Articles Posted in Race


When employees allege discrimination, they must prove an employer’s discriminatory motive and connect it to a particular adverse employment decision. An adverse action requires evidence of a significant change in employment status, benefits, or pay. Usually, the proof comes in the form of failure to hire, a firing, failure to promote, reassignment with significantly different responsibilities, or lost pay or benefits.

But, from a federal court decision I read last night, I’ve got a list of eight items that are not adverse enough on which to base a disparate treatment claim. Continue reading


A client embroiled in an employment dispute with a former employee once asked me if we could force the employee into arbitration. So, I asked the client for a copy of the arbitration agreement that the individual had signed.

After an uncomfortably long pause, I went back to drafting the complaint to be filed in court. Continue reading


Last week, the National Labor Relations Board made headlines when it concluded that nondisparagement and confidentiality provisions in severance agreements that businesses give to rank-and-file employees are unlawful.

Yesterday, the Board made headlines again by releasing this Advice Memo in which it concluded that employees who engage in group discussions about issues of race that black employees face at work, including perceived implicit bias work, are protected from retaliation by employers. Continue reading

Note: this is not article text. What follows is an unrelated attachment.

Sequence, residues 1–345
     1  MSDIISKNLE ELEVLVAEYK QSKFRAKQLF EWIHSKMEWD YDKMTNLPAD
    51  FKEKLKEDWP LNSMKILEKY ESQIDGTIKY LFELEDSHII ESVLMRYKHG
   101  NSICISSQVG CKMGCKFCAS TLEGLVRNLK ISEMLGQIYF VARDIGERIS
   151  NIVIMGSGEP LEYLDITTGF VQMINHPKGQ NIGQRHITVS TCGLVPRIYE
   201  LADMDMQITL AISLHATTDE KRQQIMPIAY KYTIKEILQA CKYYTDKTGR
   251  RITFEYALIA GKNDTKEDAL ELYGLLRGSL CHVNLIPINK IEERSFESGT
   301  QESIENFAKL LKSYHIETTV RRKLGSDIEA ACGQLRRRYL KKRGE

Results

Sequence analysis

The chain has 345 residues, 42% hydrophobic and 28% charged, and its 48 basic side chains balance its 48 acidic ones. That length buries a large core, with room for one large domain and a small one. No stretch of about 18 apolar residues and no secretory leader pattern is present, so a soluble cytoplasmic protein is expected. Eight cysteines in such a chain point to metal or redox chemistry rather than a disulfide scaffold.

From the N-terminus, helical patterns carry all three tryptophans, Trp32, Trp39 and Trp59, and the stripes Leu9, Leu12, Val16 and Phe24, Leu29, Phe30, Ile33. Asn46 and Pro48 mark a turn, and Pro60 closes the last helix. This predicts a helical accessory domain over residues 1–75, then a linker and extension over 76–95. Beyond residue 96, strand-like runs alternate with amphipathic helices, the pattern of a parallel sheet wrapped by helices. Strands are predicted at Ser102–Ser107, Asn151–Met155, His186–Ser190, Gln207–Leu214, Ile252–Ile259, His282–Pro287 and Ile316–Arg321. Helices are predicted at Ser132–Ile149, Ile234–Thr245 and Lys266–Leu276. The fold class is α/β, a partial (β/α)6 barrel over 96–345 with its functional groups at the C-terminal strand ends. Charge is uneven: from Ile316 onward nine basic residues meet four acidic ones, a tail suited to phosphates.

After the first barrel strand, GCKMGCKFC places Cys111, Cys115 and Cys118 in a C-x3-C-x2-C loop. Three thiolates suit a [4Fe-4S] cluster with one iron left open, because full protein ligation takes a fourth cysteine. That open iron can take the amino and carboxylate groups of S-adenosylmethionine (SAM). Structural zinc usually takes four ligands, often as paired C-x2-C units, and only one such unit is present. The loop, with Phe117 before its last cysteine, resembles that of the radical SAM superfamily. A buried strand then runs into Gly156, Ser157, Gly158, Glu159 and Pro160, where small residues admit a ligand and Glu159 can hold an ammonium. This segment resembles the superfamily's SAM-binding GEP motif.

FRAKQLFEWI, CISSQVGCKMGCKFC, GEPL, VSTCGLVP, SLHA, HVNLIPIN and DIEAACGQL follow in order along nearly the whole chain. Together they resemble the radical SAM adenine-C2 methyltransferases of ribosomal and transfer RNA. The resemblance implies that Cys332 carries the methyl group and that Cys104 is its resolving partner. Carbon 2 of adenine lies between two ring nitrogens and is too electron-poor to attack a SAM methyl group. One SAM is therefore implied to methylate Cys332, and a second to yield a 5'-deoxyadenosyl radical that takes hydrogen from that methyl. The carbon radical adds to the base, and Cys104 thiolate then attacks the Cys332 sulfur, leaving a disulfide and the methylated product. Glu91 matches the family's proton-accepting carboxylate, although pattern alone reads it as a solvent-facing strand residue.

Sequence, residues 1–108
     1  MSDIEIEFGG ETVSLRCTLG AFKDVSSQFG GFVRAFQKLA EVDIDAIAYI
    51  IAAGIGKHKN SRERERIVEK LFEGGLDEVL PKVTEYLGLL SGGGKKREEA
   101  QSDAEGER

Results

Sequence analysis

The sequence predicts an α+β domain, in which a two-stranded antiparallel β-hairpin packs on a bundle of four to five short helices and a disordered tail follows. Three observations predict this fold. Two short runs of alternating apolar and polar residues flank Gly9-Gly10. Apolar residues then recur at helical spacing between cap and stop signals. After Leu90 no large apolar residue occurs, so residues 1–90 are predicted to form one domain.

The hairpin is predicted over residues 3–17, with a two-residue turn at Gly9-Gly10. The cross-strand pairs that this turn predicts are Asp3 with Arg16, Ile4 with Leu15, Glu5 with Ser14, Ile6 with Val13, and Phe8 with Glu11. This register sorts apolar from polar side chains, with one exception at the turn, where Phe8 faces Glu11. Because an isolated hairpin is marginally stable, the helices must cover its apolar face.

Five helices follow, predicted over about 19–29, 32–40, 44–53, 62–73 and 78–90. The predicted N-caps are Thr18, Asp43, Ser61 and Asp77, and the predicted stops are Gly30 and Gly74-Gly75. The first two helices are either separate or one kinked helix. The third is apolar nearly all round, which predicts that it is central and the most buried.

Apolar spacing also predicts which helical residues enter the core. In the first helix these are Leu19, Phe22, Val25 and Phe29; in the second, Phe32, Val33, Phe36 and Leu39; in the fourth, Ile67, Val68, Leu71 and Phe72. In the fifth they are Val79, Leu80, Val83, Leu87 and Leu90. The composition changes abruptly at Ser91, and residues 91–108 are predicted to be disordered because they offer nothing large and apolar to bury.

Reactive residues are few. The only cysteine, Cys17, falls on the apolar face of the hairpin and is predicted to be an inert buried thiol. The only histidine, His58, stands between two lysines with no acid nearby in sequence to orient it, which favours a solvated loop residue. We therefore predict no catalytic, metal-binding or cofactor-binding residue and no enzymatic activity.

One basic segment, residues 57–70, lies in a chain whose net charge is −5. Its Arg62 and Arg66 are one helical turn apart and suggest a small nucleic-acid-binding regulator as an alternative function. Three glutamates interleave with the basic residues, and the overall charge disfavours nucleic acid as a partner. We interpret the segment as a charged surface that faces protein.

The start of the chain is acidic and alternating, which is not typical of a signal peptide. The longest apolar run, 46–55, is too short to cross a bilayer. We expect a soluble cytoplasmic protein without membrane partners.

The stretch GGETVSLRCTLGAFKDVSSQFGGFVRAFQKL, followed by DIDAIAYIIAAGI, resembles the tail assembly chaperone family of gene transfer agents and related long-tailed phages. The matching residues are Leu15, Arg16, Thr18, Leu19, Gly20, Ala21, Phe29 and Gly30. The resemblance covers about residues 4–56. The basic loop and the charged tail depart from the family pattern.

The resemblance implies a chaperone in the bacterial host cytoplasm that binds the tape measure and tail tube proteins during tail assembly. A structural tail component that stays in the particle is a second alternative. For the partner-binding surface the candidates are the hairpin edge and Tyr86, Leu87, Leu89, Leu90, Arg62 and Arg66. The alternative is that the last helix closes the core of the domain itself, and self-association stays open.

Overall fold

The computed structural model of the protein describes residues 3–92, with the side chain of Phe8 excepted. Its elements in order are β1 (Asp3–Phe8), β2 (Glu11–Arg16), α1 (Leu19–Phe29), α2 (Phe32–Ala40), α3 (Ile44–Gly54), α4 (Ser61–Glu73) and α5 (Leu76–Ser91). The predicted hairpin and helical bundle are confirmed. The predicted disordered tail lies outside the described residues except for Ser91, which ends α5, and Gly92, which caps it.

After completing a 90-day orientation program for newly licensed nurses, a woman was denied a full-time position as a Registered Nurse (RN) at a hospital and, instead, transferred into a lower-paying position at another facility that the same employer operated.

The woman — we’ll call her “Plaintiff” as we usually do here — alleged race discrimination under Title VII of the Civil Rights Act of 1964.

A plaintiff asserting a Title VII claim for race discrimination must present a convincing mosaic to the factfinder that race motivated the adverse employment action — in this case, the denial of the full-time RN position.

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Yesterday, I wrote about a man who claimed that his employer retaliated against him by forcing him to resign after he objected to attending workplace training on anti-racism and gender identity.

It was a good story. We employment lawyers have plenty of them. But, perhaps, it wasn’t great.

But what if I told you that the man’s son also worked for the same employer, objected to attending the same training modules, and eventually sued the same employer for race and religious discrimination? Continue reading


Sometimes, when deciding whether to blog about a recent federal court decision, I skip the “Factual Background” section and go right to the “Discussion.” That’s where I usually find the most concise, “meat-and-bones” explanation of what the case is about. Continue reading


During Thanksgiving week, I blogged about a Seventh Circuit decision and what makes a plaintiff alleging discrimination “similarly situated” to another employee outside of the plaintiff’s protected class whom the employer allegedly treated more favorably.

The Seventh Circuit concluded that a white man who was fired for effectively stealing from his employer was comparable to a black man with attendance issues. I told folks outside the Seventh Circuit to disregard this decision because I thought they got it wrong. But I never gave you any examples of cases upon which to rely instead. Well, let’s fix that today. Continue reading

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